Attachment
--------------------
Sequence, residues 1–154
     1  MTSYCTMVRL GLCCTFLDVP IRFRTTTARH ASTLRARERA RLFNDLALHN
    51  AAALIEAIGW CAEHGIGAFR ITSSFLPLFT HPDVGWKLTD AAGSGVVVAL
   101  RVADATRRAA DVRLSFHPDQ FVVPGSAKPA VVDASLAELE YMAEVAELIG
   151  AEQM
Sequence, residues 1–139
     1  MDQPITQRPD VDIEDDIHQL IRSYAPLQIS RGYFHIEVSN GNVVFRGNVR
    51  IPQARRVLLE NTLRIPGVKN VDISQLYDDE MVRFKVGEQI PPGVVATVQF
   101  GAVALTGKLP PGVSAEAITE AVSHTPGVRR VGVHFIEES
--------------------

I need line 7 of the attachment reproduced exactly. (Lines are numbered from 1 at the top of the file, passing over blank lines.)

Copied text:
     1  MDQPITQRPD VDIEDDIHQL IRSYAPLQIS RGYFHIEVSN GNVVFRGNVR